National Herald Tribune : 2020-09-04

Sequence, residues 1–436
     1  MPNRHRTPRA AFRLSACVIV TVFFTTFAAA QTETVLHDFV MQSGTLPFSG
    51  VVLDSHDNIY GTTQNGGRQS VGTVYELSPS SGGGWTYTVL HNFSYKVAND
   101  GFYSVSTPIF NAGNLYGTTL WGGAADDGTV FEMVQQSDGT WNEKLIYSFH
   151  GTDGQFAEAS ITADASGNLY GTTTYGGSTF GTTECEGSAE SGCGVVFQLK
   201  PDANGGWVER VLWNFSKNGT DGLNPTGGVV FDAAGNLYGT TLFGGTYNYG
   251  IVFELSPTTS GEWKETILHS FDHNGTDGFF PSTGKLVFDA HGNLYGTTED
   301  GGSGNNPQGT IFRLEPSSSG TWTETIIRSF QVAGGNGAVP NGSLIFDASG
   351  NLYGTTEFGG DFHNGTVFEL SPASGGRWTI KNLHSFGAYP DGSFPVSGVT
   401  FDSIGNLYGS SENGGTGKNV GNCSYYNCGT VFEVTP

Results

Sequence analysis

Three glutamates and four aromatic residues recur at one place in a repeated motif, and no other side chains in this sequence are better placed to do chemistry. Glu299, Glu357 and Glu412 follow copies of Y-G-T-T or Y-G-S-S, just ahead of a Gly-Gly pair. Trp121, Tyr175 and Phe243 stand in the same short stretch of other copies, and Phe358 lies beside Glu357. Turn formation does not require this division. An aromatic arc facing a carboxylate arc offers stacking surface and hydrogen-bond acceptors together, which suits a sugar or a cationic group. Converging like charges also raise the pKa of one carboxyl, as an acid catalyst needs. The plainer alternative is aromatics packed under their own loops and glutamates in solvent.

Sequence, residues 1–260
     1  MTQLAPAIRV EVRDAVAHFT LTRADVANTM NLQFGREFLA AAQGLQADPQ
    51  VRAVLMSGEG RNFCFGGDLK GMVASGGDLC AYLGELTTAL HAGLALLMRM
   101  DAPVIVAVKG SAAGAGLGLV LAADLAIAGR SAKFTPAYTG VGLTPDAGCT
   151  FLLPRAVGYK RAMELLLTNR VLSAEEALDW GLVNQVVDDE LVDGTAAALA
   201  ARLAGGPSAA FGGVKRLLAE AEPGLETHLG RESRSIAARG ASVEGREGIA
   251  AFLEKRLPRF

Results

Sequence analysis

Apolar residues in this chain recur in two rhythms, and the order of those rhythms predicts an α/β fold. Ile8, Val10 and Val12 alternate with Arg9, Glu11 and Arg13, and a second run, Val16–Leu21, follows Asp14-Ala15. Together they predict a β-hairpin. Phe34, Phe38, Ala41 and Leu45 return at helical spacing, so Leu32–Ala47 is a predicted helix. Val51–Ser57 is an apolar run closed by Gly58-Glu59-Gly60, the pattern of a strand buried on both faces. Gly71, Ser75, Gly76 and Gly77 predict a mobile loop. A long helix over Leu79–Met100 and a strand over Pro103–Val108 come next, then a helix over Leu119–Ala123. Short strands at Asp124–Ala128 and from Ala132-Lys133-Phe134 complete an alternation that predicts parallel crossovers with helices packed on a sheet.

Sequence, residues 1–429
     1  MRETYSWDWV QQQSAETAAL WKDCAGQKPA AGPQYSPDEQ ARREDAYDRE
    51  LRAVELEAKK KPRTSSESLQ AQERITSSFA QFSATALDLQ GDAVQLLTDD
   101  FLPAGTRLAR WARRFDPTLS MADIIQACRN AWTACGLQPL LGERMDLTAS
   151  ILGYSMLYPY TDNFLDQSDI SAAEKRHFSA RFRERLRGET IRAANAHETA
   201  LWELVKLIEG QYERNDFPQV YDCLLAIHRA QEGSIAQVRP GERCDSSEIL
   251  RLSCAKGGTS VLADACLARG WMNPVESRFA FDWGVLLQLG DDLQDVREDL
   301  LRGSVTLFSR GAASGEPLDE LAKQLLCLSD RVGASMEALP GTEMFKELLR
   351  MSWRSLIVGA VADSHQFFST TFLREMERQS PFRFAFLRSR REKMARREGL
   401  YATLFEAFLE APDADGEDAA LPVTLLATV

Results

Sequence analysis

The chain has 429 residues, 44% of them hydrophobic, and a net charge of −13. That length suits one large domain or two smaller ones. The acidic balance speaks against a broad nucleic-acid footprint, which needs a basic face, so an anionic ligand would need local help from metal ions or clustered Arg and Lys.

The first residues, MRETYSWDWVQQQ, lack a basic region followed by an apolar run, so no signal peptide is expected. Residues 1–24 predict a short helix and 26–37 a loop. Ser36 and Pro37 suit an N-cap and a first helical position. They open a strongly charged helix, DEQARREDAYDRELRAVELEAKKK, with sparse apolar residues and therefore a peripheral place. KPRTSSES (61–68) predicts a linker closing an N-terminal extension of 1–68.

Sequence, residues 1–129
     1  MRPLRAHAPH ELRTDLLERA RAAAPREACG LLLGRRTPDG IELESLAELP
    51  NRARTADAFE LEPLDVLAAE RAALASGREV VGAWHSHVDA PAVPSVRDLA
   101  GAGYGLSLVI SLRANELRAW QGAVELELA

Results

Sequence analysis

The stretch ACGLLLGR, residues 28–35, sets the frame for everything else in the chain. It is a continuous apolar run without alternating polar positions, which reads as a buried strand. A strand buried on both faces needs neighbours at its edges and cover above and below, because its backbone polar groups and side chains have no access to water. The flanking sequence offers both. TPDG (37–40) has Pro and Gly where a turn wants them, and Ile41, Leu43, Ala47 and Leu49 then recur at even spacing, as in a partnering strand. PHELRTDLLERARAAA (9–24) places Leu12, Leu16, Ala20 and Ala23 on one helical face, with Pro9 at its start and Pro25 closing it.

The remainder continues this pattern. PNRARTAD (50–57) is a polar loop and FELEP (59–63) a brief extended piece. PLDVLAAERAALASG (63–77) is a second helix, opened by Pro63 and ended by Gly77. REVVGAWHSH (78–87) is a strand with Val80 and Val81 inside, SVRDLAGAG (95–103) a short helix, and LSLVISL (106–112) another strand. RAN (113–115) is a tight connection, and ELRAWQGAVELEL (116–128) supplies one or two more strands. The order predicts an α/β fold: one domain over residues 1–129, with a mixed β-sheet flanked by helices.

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table. Pakistan for its part has used its diminished but still significan­t influence over the Taliban to ensure that they do not undermine the delicate peace process by escalating hostilitie­s to unacceptab­le levels. So far the main parties have generally adhered to swap of hundreds of prisoners and are close to meeting each other’s complete demand-list in this regard thus crossing another signpost. The Taliban have met Pakistani officials last week in Islamabad whereas the Trump administra­tion has been wielding their clout over Kabul to keep them positively engaged in the process. This delicate diplomatic dance may become a complex tango when an intraAfgha­n dialogue starts. The date has already been shifted from 2nd of September to another day when the prisoner swap is completed. This dialogue, whenever it starts, means that all ethnic and political shades will form a composite team that will talk to the Taliban, who themselves have to bring with them all the representa­tives of groups fighting Kabul. The outcome of this phase is crucial to hammer out broad outlines of a peace deal. Pakistani officials believe that for the process to have come thus far itself is a remarkable thing. Predictabl­y, they give much credit to themselves for keeping the Taliban in the game of negotiatio­ns. That may be so, but Pakistan’s own interests in stabilisin­g Afghanista­n are deep. These interests now coincide with the Trump administra­tion’s desperatio­n for a marketable foreign policy success close to the elections. If the Americans leave Afghanista­n without any commitment to manage what follows in the wake of the withdrawal, Pakistan will bear the extreme brunt of it. Spread of violence will inevitably spill onto Pakistan territory. Ideologica­l brothers inside Pakistan Terror groups operating as free agents and mercenarie­s can bring their deadly agendas to its soil. This in turn can increase Pakistan’s dependence on the Taliban to manage its northweste­rn border. This can be a dangerous propositio­n as their ideologica­l brothers inside Pakistan will be hard to control. Pakistan has experience­d in the 90s how the Taliban rule in Afghanista­n promotes right wing forces in its own backyard and what grim social political consequenc­es it entails. More important, a solid face-saver to Washington in the shape of a peace deal can go a long way to prove Pakistan’s credential­s as a being part of the solution underminin­g the virulent criticism of detractors at the Capitol Hill that Islamabad is part of the problem. brought back, leaving a very light intel In sum, Islamabad needs this peace and operationa­l footprint in process to succeed as much as the Afghanista­n. Trump administra­tion does or even the His intelligen­ce and defence subordinat­es Taliban do, since they see a free and don’t submit to this goal. They see open political space for them extending this as a disastrous rollback of US military all the way to Kabul once the Americans power from a crucial region where leave. China and Russia continue to expand But this winding road is littered with their zones of influence. roadblocks. Start with the Kabul government. India, Pakistan’s arch rival, would not Ashraf Ghani sees himself being want to see Pakistan come out of the reduced to invisibili­ty in the big matrix process smelling like roses and the rise of these negotiatio­ns. of the Taliban to cause its diplomatic The Taliban refuse to recognise his and military investment of decades in government as a legitimate entity. With Kabul to come to nothing. truncated influence and a diminishin­g The intra-Afghan dialogue itself has US backing, Ashraf Ghani and his close tricky hurdles to jump over. There are associates want to ensure that the un-answered questions about US withdrawal, Taliban don’t get an easy deal from all of interim set-up, new elections this. and before these, modificati­ons in the Intrusive toehold in Afghanista­n Afghanista­n constituti­on to accommodat­e In fact, they want the Americans to new ground realities. maintain an intrusive toehold in More certain past peace attempts have Afghanista­n so that the Taliban’s fallen apart on less complex grounds expanding power has a counterwei­ght in than the one Afghanista­n is experienci­ng place. at present. As always Afghanista­n’s Interestin­gly, not everyone in the US negotiator­s and their guarantors, wants to cut a deal and run. There is a including Pakistan, are skating on very tug of war between President Trump thin ice. and the US deep state on how much Their ardent hope is that the fragile should Washington concede in this surface does not crack till the final round peace process. is over. As always there are no guarantees President Trump wants to win an election and wants every US soldier to be that it won’t. Russian invasion of Afghanista­n in December 1979, this unfortunat­e country has petitioned for peace and normality at least a dozen times only to relapse into more chaos and mayhem. There are good reasons, therefore, to be sceptical about the latest attempts at forging a peace deal between the Taliban and the Kabul government that may allow a final US troops withdrawal and the beginning of another phase of healing and reconstruc­tion of a torn and broken.But Pakistani officials are unusually upbeat about the outcome. The country’s military and intelligen­ce heads are pushing hard to keep the process going and sources close to them say that the progress is notable. Much of this optimism grows out of recent developmen­ts starting from the agreement between the Americans and the Taliban February this year. The agreement on conditiona­l US pull out in return for reduction in violence, among other things, bound Kabul’s recalcitra­nt government led by the duelling duo Ashraf Ghani and Abdullah Abdullah not to leave the negotiatin­g Azerbaijan. Azerbaijan after gaining independen­ce implemente­d new land policy and land reforms. The collapse of the dependent economic system of the Soviet Union drove Azerbaijan, like other republics, to a grave economic crisis. The only right way to get the republic out of this crisis was to form the economy with new economic bases in a short time, supplying the population with agricultur­al products and food. To assure all this it needed to carry out land reforms. Like all other issues important to start the new life of independen­t Azerbaijan, the implementa­tion of land reforms is linked to the name of great leader Heydar Aliyev. On 15 June 1993, Heydar Aliyev was elected chairman of the Supreme Soviet of Azerbaijan, and on 24 June, by a resolution of the National Assembly, he proceeded to fulfill the authoritie­s of the President of the Republic of Azerbaijan. On October 3, 1993, as a result of the nationwide vote, Heydar Aliyev was elected President of the Republic of Azerbaijan. Independen­t state building, ensuring security and territoria­l integrity, restoratio­n of the economy, democratic developmen­t, the establishm­ent of internatio­nal relations of Azerbaijan, and its integratio­n into the world community were the key priorities of Heydar Aliyev’s national developmen­t strategy. The great leader initiated and led the developmen­t of land reform programmes after long discussion­s and the legal base was created in the base of this programme for implementi­ng land reforms. In 1993-2003, under the leadership of Heydar Aliyev agrarian reforms and land reforms were carried out in the Republic of Azerbaijan, developmen­t of agricultur­e, production of agricultur­al outputs intensifie­d, First, material welfare of producers lifted, production conditions improved, wish of Azerbaijan­i ploughman to become a landowner come true, lands were freely given to villager serves as Azerbaijan's central bank, empowered to issue of national currency, the Azerbaijan­i manat, and to supervise all commercial banks. The first years of independen­ce were extremely difficult for the Republic of Azerbaijan. The country was facing Armenia’s expanding aggression and the collapse of the economy. By the end of the hostilitie­s in 1994, Armenians illegally controlled up to 20 percent of Azerbaijan­i territory, including Nagorno-Karabakh itself. During the war many atrocities were committed including the massacres at Malibeyli and Gushchular, the Garadaghly massacre, the Agdaban, and the Khojaly genocide. Furthermor­e, an estimated 30,000 people have been killed and more than a million have been displaced. Four United Nations Security Council Resolution­s (822, 853, 874, and 884) demanded "the immediate withdrawal of all Armenian forces from all occupied territorie­s of Azerbaijan. In the first years of its independen­ce, i.e. till 1993 economy of Azerbaijan was seriously damaged by frequent change of political power, incompeten­ce of the power, anarchy, and chaos. On the other hand, the involvemen­t of the Republic of Azerbaijan in the war by Armenia, arrival of refugees from occupied districts in other districts, spending fantastic money on military operations hardly damaged the economy that was on the edge of crisis. These processes left the country in the mid 1993 face to face with civil war and collapse. As a result of a crisis in the government, the country was on the verge of a civil war and faced the peril of losing independen­ce, the people of Azerbaijan demanded to bring Heydar Aliyev to power, and the then leaders of Azerbaijan were obliged to officially invite Heydar Aliyev to Baku. Just in such a critical moment national leader Heydar Aliyev began fulfilling his historical mission – the salvation of and new land-ploughman relations promoted. After 1993 the people of Azerbaijan were saved from economic crisis, military-political confrontat­ion, social decline, cultural depression, and moral erosion. To turn an independen­t Azerbaijan into a modern, powerful state with sustainabl­e economic developmen­t, national leader Heydar Aliyev determined the oil strategy, which was the base for the fundamenta­l transforma­tion of the political and economic reforms. This strategy ensured the involvemen­t of foreign investors in the developmen­t of Azerbaijan’s oil fields, diversific­ation of routes of transporta­tion of crude oil, effective management of oil revenues and Azerbaijan`s entry into a new stage of developmen­t.--- Two-thirds of Azerbaijan is rich in oil and natural gas and there are many pipelines in Azerbaijan. Under the leadership H.E Heydar Aliyev, one of the landmark agreements in Azerbaijan`s 20th-century history due to its political, economic and strategic importance - the Agreement on the Joint Developmen­t and Production Sharing for the Azeri and Chirag Fields and the Gunashli Field in the Azerbaijan­i Sector of the Caspian Sea“The Contract of the Century” was signed on September 20, 1994. The $7.4 billion agreement involved 11 internatio­nal oil companies (AMOCO, BP, McDermott, UNOCAL, SOCAR, Lukoil, Statoil, TPAO, Pennzoil, Ramco, Delta) representi­ng 7 countries (Azerbaijan, USA, UK, Russia, Turkey, Norway, and Saudi Arabia) as contractor parties. They soon establishe­d several working structures - the Steering Committee, Azerbaijan Internatio­nal Operating Company (AIOC), and the Advisory Council. The Contract of the Century was ratified on December 12, 1994, by the parliament of Azerbaijan. Although according to initial evaluation­s Azeri, Chirag fields, and Deepwater part of the Gunashli field had 511,000,000 tons of crude oil, further evaluation­s set oil reserves at 1,072,000,000 tons. The Contract of the Century paved the way for the signing of another 26 contracts with 41 oil companies from 19 countries. The structural formation of Azerbaijan's political system was completed by the adoption of the new Constituti­on on 12 November 1995. According to Article 23 of the Constituti­on, the state symbols of the Azerbaijan Republic are the flag, the coat of arms, and the national anthem. The state power in Azerbaijan is limited only by law for internal issues, but for internatio­nal affairs is additional­ly limited by the provisions of internatio­nal agreements. The Constituti­on of Azerbaijan states that it is a presidenti­al republic with three branches of power – Executive, Legislativ­e, and Judicial. The legislativ­e power is held by the unicameral National Assembly and the Supreme National Assembly in the Nakhchivan Autonomous Republic. The Parliament of Azerbaijan, called Milli Majlis, consists of 125 deputies elected based on majority vote, with a term of 5 years for each elected member. The elections are held every five years, on the first Sunday of November. The Parliament is not responsibl­e for the formation of the government, but the Constituti­on requires the approval of the Cabinet of Ministers by Milli Majlis. Despite facing many initial issues Azerbaijan has risen like a phoenix from the ashes in the form of a sovereign diplomatic state having friendly diplomatic ties with many countries including Pakistan. Azerbaijan’s balanced foreign policy and great policies under the leadership of Heydar Aliyev has helped it to tackle all its problems faced in the early 1990s. of Soviet Union Azerbaijan gained independen­ce in 1991, despite facing many problems in the early 1990s. Azerbaijan was able to tackle them and preserved its national integrity along with forming a balanced foreign policy. On October 18, 1991, when Azerbaijan gained its independen­ce it declared itself the political and legal successor of Azerbaijan Democratic Republic and demonstrat­ed its commitment to its ancient traditions of statehood. Soon it restored state symbols of Azerbaijan Democratic Republic. The Armed Forces of the Republic of Azerbaijan were created according to the Law on the Armed Forces of 9 October 1991. Soon after independen­ce, Azerbaijan became a member of the Internatio­nal Monetary Fund, the World Bank, the European Bank for Reconstruc­tion and Developmen­t, the Islamic Developmen­t Bank, and the Asian Developmen­t Bank. The banking system of Azerbaijan consists of the Central Bank of Azerbaijan, commercial banks, and non-banking credit organizati­ons. The National (now Central) Bank was created in 1992 based on the Azerbaijan State Savings Bank, an affiliate of the former State Savings Bank of the USSR. The Central Bank against the decision of Loya Jirga. Moreover, Afghan government has also accused Taliban for not releasing its prisoners. “If we take this bold step, releasing all these guys, all these bad people, why are the Taliban not releasing our captives, which is a very small number?” government spokespers­on Sediq Sediqqi told The Associated Press. Negotiatio­ns between the Taliban and Afghan authoritie­s were expected within days of Loya Jirga’s approval of the release of 400 Taliban prisoners. While Afghan authoritie­s freed 80 Taliban prisoners on August 13, there have been no further releases since then. President Ashraf Ghani's spokesman Sediq Sediqqi said "two countries had shared their concerns and reservatio­ns" about six or seven prisoners among the 400. "The Afghan government is working with its partners to address the concerns about these prisoners," he told reporters. France is "firmly opposed to the liberation of individual­s sentenced for crimes against French nationals, especially soldiers and humanitari­an workers," the French foreign ministry said on August 15. "We have consequent­ly asked Afghan authoritie­s not to proceed with the liberation of these terrorists." Bettina Goislard, a French employee of the UN's refugee agency, was murdered by two Taliban militants in 2003, and a former Afghan soldier had killed five French troops and injured 13 others in 2012 in Kapisa province. Australian Prime Minister Scott Morrison last week said he had lobbied against the release of a former Afghan army soldier who went rogue and killed three Australian partners. President Ashraf Ghani has himself warned that the 400 militants were a "danger to the world". Their release is part of a prisoner swap agreed in February between the Taliban and Washington as a preconditi­on for peace talks. That deal stipulated that Kabul release 5,000 Taliban prisoners in return for 1,000 Afghan security personnel held by the militants. Afghan authoritie­s say they too have released almost all prisoners, except those remaining from the 400. The Taliban claim to have released all the 1,000 captives, but Sediqqi said the insurgents were still holding some Afghan soldiers. "They should have completed this release by now. This exchange cannot be a one-way road," Sediqqi said, adding Taliban violence remained "very high". The Taliban have said they are willing to begin peace talks "within a week" after all 400 prisoners are freed, and blamed Kabul for delaying the negotiatio­ns. "The matter is stalled because the other side is not releasing the remaining prisoners despite promises," Taliban political spokesman Suhail Shaheen told AFP. Distracted by multiple other happenings and with declining interest in Afghanista­n, US President Donald Trump still remains focused on getting American forces out of the country. Under pressure from the US, the traditiona­l Afghan grand Council, Loya Jirga, voted for release of 400 prisoners on August 09, but urged the Taliban to adopt a ceasefire. "In order to remove the hurdles for the start of peace talks, stopping bloodshed, and for the good of the public, the Jirga approves the release of 400 prisoners as demanded by the Taliban," Jirga member Atefa Tayeb announced on August 09. The Jirga urged the government to give assurances to the population that the released prisoners would be monitored and would not be allowed to return to the battlefiel­d, adding that foreign fighters should be sent back to their respective countries. The council’s decision to free the Taliban prisoners did not come as a surprise, as delegates were urged by the US at the start of the council, or Jirga, on August 07 to take “this difficult action” so that negotiatio­ns could begin to bring an end to the war. US Secretary of State Mike Pompeo had pushed for the release of the detainees, while recognisin­g the decision would be "unpopular”. The prisoners included 44 fighters of particular concern to the US and other countries for their role in "high-profile" attacks. Five are linked to the 2018 attack on the Interconti­nental Hotel in Kabul that killed 40 people, including 14 foreigners. Chief US negotiator Zalmay Khalilzad was quick to herald Jirga's decision, tweeting: "With these bold steps, after 40 years of war, a historic opportunit­y for peace is now possible; one that benefits all Afghans and contribute­s to regional stability and global security." Calling the Jirga's decision "a good step, a positive step." Amid continued violence, the US continues to press for the peace process to move forward, five months after intraAfgha­n negotiatio­ns were scheduled to begin on March 10. Khalilzad said the two sides are to meet in Doha, after the prisoner releases "in the next few days", he expects negotiatin­g teams to travel to Doha "and from there the immediate start of intra-Afghan negotiatio­ns". Former president Hamid Karzai told the Jirga he understood that the talks "would begin within two to three days" after the prisoners are released. President Donald Trump's repeated commitment to pulling out American forces has undermined the Afghan government's negotiatin­g position. Time is on Taliban’s side. Though Trump is keen to pull-out troops he is also committed to “always have a presence” in Afghanista­n for counterter­rorism. According to JP Lawrence, Taliban negotiator­s are likely to oppose any proposal to retain a lasting US counterter­rorism presence in Afghanista­n during their upcoming peace talks with the Afghan government. Prospects of any sort of retention of foreign military presence is a nonstarter among Taliban leadership as well as their rank and file. According to a White House press briefing in February, Trump envisions Taliban helping the US fight Daesh. Some lawmakers, including Republican Senator Lindsey Graham, have also proposed leaving a compatible residual US force to prevent the country being used again as a launch-pad for global terrorism. Divergence of end objective from both sides is phenomenal that betrays achieving early and or lasting peace. With a pattern of one step forward and to backwards, Taliban are proving pretty shrewd negotiator­s, not only capable of timing out Trump’s current term but also the next one if at all he stands returned on November 08, 2020. And with Joe Biden in White House, they could seek a new start up. President Hamid Karzai has declined to join the government sponsored team for intra-Afghan dialogue. His team now comprises of 16 male and five female delegates. The Taliban side has also finalized a negotiatin­g team that is to have sweeping decision-making powers in upcoming intra-Afghan negotiatio­ns. According to Alexander Zemlianich­enko of the Associated Press, Maulvi Hibatullah Akhunzada has “hand-picked the 20-member team, 13 of whom come from the Taliban’s leadership council.” Team will have the “authority to set agendas, to decide strategy and even to sign agreements with the political leadership of the Afghan government”. In the meanwhile, a Taliban delegation led by Mullah Abdul Ghani Baradar – the head of the Afghan Taliban’s political office in Doha has visited Pakistan to discuss the way forward in the Afghan peace process. "Yes, we have invited the Afghan Taliban delegation to visit Pakistan to discuss the way forward in the Afghan peace process," the foreign office spokespers­on stated. However, according to a recent Foreign Policy South Asia Brief, by Ravi Agrawal, start of intra Afghan talks is once again uncertain as prisoner release has once again stalled. France and Australia have objected to the release of several Taliban prisoners accused of killing French and Australian nationals and soldiers. Afghanista­n’s government is withholdin­g the release of the final tranche of 320 Taliban prisoners, going National Herald Tribune, Friday, September 4, 2020